One of the most poignant scenes we witnessed was the many farms destroyed by the lava
We took our helicopter ride Sunday morning, June 3rd. At this point the large flow from fissure 8 had not yet reached the neighborhoods at Kapoho. What the flow was burning through were the many papaya orchards and flower growers found above the bay.
Houses are bad enough, seeing the farms in front of the lava flow was worse. I found myself looking through the telephoto lens at the neat greenhouses, the orchards green in the morning sunlight. The wide flow front was in the process of destroying so many farms, remorselessly moving through the neat rows of papaya trees.
I am aware of how much a farmer puts into the land… Sweat, blood, heart and soul. I look at the photos and I see immaculate operations… Well maintained buildings, no weeds around the structures, the pitiless lava flow advancing. Each scene that appeared in the camera viewfinder was gut-wrenching.
The flight took us from Kapoho, up the flow to the source at fissure 8, and back down the flow to Kapoho before returning to Hilo. The fountain of lava at the fissure made it clear that this eruption was far from done, the supply of more flowing rock was not exausted, nothing was going to stop this lava flow short of the ocean. There would be no reprieve for the homes and farms out in front of the flow.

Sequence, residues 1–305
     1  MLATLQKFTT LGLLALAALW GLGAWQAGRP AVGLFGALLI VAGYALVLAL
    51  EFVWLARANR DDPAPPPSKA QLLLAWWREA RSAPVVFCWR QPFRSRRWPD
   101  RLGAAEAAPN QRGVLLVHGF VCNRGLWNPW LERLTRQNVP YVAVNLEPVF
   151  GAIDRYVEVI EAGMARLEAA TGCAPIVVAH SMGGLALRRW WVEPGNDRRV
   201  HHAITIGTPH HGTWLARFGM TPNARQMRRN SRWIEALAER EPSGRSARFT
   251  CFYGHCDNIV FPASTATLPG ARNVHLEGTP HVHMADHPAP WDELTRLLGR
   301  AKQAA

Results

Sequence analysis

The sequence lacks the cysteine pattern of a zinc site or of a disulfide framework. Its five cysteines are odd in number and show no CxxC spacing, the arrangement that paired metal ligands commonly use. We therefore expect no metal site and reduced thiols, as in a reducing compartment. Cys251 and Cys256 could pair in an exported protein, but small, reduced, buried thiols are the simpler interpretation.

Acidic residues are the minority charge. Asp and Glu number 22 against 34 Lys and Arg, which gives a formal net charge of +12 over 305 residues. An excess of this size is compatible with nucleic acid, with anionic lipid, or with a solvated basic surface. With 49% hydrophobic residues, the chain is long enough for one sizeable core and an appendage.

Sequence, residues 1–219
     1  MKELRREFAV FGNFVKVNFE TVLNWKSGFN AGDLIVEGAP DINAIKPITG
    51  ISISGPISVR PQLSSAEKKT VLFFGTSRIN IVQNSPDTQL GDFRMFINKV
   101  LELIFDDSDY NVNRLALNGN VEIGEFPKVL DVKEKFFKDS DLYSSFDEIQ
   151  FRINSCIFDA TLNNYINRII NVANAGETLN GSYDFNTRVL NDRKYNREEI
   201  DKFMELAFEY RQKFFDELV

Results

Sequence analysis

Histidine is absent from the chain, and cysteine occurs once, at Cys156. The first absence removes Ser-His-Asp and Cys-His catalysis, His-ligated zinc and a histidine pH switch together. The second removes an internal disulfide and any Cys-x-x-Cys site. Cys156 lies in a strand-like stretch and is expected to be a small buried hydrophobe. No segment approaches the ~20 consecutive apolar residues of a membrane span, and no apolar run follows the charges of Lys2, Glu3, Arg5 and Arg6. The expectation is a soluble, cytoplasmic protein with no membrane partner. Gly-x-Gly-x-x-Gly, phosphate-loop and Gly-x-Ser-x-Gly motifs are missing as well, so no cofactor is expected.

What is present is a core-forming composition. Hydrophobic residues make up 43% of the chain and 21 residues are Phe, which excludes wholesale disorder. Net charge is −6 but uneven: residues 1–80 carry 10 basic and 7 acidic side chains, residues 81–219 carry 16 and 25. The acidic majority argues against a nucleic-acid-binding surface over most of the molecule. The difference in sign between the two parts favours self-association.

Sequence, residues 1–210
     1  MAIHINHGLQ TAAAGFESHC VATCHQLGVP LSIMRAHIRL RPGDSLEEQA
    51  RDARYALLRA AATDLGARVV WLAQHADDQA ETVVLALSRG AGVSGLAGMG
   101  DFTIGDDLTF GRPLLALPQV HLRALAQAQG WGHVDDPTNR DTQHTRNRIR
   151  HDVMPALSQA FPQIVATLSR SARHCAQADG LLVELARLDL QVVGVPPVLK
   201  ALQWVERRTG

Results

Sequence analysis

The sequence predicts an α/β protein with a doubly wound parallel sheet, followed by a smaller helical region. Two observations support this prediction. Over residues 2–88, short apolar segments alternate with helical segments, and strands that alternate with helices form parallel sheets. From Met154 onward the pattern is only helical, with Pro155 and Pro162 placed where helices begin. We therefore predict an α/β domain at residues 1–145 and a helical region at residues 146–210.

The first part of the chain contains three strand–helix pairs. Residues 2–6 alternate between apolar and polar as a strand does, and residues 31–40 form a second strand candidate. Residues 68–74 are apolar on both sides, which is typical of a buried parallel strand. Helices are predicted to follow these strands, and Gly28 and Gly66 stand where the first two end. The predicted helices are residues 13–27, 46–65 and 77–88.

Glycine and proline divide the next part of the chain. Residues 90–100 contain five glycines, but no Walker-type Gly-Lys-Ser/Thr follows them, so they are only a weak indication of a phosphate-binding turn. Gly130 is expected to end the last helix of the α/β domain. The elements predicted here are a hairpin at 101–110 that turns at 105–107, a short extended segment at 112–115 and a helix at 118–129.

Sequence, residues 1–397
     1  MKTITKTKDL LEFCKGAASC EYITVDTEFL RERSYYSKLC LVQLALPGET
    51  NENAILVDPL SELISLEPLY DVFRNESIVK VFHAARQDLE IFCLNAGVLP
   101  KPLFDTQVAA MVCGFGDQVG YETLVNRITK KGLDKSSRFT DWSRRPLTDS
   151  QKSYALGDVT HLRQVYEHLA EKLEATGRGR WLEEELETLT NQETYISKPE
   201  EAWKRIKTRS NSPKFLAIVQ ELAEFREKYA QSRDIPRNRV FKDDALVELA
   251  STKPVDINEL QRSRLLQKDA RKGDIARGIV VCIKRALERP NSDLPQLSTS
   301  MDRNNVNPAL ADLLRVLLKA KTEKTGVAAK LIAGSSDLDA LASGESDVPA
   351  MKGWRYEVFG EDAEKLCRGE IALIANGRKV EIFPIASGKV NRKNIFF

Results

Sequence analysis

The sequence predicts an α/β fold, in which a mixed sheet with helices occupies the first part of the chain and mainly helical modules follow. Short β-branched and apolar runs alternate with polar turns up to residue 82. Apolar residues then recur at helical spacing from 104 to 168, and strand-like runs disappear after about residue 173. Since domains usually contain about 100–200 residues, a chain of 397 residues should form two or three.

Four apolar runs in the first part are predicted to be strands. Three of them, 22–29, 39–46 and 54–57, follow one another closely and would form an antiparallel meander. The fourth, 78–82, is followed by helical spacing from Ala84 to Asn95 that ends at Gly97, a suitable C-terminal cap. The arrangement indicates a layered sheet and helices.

Our flight was last weekend, since then the entire area has been covered. The farms we saw in front of the advancing lava are gone. Hundreds of homes lost in a single night, the magical bay and tide-pools at Kapoho are buried in rock.
The local news now reports that 80% of the papaya farms on the island have been destroyed. The industry was concentrated in the Kapoho area, drawn by the perfect growing conditions and rich, volcanic soil. I know folks who are lost without a papaya each morning, this island loves the fruit.
I know that the volcano is ultimately responsible for these places even existing, that lava is the source of creation in these islands. Still, the destruction is hard to see, the flood of black rock burns and destroys all in its path.
It will be generations before the land is again what it was before. It will take decades of tropical rain and tough pioneering plants to bring the forest and soil back. It will be decades before the farmers can return to this place.